Why a thermometer is insufficient for cold chain sensitive and pharmaceutical goods transport

Why a thermometer is insufficient for cold chain sensitive and pharmaceutical goods transport

When it comes to pharmaceutical goods transport, the importance of temperature control cannot be overstated. Refrigerated products, such as vaccines, need to stay in the optimal temperature range between 2 and 8 degrees Celsius. If they are exposed to high temperatures and/or humidity, the active ingredients or chemical composition of the pharmaceutical itself can become compromised.

These upper and lower limit values are not a guideline or a choice. Government agencies are incredibly strict when it comes to enforcing this law. They have little hesitation in disposing of batches of medication if they are even slightly suspicious about whether they have been exposed to too high or too low temperatures.

Whether violations are intentional or not, they result in damage to your companies reputation in the pharmaceutical industry, as well as financial losses. The pharmaceutical supply chain has to keep patient safety a priority, and temperature is an essential factor that determines the quality of goods, and in turn, the patient care. Thermometers have long been the go-to tool for measuring temperature, however, they simply do not meet the highly specific and significant needs of pharmaceutical goods transport.

"Thermometers are insufficient at providing continuous, accurate temperature measurements needed for pharmaceutical transport."

So what are all the reasons that a thermometer fails in the pharmaceutical goods cold chain?

Where thermometers fall short in cold chain pharmaceutical goods transport

In the past, cold chain logistics relied on manual reading and measurement logging. While there is a use for traditional thermometers being used to gauge indoor and outdoor temperatures, they are ultimately insufficient in providing the continuous, accurate temperature measurements required for pharmaceutical transport.

Periodic manual temperature measurement has been deemed insufficient and inadequate for the transport of drugs (vaccines in particular) by the U.S, Department of Commerce National Institute of Standards and Technology (NIST). The reason is partially due to pharmaceutical goods being affected by more than just the ambient temperature.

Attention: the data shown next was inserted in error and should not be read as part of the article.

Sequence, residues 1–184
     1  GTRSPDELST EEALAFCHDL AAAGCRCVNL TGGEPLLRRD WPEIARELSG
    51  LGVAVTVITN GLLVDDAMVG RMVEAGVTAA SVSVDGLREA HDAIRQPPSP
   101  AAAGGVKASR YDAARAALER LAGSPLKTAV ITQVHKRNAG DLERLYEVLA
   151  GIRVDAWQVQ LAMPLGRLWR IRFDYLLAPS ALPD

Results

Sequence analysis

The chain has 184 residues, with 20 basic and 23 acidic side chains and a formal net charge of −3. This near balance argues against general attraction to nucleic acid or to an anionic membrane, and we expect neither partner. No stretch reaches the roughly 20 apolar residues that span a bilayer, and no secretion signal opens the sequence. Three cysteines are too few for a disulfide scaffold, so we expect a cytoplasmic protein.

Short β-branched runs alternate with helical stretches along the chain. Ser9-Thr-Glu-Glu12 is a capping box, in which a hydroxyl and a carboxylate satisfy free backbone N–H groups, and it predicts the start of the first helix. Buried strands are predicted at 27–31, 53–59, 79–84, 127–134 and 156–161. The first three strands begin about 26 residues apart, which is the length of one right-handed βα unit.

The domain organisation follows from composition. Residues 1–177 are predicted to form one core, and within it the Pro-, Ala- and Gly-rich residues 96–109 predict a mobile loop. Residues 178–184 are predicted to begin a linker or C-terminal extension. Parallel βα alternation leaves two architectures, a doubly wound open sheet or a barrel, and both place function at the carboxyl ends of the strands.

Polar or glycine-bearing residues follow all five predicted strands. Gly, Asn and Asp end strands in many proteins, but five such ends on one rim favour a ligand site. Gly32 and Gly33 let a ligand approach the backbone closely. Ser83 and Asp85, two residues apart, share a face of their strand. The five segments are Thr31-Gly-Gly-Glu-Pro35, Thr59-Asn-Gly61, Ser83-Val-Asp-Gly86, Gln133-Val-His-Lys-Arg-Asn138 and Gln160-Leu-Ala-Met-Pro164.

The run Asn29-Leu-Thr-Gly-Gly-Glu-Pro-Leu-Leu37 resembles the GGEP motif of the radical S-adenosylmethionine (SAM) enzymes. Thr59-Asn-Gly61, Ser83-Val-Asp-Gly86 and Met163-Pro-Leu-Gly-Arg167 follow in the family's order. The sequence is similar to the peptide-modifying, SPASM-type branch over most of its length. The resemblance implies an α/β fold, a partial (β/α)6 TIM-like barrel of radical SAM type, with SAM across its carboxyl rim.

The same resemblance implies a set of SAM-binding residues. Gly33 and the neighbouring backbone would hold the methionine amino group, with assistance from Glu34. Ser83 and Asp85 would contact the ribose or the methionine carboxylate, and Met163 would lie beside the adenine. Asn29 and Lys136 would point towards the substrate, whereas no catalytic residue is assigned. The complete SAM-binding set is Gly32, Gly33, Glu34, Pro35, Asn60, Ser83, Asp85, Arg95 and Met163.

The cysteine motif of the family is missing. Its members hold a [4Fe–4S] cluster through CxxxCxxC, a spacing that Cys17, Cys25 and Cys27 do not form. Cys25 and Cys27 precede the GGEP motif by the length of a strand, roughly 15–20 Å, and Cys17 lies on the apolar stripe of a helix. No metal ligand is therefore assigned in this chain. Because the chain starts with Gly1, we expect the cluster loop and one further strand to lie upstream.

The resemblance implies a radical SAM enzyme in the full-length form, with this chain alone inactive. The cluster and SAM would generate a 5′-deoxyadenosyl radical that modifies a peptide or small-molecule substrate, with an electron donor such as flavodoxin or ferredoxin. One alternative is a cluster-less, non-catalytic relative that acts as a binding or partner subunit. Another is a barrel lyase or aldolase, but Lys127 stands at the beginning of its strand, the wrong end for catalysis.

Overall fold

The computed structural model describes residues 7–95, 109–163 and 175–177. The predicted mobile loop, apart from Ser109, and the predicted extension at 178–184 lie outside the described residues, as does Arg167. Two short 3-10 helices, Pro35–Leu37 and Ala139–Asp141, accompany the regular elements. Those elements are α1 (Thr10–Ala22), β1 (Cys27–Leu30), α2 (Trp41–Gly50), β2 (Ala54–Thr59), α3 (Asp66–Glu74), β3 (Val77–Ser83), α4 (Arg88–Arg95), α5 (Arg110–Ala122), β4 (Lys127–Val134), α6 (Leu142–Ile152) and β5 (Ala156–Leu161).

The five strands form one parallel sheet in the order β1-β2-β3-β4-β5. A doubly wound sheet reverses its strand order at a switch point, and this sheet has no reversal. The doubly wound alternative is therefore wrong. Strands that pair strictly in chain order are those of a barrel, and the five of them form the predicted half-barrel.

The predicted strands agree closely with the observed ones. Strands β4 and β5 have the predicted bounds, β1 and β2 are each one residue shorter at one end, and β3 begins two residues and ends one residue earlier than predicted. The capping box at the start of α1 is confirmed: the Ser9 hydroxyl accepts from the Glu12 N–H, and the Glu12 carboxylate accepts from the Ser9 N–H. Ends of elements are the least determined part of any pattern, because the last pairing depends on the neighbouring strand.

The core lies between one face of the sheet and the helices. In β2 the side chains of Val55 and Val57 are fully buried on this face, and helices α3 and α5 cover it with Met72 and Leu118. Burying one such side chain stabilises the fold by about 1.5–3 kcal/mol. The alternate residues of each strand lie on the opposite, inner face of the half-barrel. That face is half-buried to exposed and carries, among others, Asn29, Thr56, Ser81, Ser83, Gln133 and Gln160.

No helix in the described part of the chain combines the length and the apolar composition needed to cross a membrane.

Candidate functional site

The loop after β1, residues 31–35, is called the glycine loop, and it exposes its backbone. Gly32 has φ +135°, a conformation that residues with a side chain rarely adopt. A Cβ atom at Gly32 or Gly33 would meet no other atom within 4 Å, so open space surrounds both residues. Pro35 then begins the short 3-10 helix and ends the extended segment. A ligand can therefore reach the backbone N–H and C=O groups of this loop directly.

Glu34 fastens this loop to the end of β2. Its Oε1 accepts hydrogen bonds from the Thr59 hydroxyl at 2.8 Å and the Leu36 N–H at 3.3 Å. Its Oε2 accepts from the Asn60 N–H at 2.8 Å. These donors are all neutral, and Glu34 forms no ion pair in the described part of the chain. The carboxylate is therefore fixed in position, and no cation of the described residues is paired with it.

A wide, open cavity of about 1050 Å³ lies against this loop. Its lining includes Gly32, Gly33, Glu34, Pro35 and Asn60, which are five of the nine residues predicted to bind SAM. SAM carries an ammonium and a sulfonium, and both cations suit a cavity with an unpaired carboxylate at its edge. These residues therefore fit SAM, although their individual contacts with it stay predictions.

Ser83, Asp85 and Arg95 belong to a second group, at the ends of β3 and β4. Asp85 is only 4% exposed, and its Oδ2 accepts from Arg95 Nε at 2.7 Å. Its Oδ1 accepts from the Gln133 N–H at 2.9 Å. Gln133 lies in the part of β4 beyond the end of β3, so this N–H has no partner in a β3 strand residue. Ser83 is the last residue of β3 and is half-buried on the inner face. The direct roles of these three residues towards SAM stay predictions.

Another issue with manual thermometers is that they can also give inaccurate temperature readings when refrigerated. This is because there is no single point measurement for refrigerator temperature due to various environmental and cargo temperature variations, reports NIST. Dependant on where the thermometer is placed within the refrigerator transportation unit can lead to drastic differences in ambient temperature readings.

Finally, drug manufacturers are discovering that thermometers alone are not enough to ensure that their products are delivered for sale at the correct temperature. Once their products have left a facility and moved throughout the supply chain, they are unable to maintain quality control up to the point of contact. They, therefore, have no way of knowing if the drugs and vaccines are refrigerated properly beyond trusting the manual recordings of temperature.

Overall, cold chain monitoring without continuous temperature and humidity measuring systems increase the risk of undiscovered violations of valuable temperature thresholds. Manual thermometers are incapable of recording changes in temperatures due to various factors such as power outages, defrost cycle patterns or frequent periods of doors being open. Temperatures may be recorded as well within the acceptable limits, but the pharmaceutical goods could already have been compromised between check-in periods.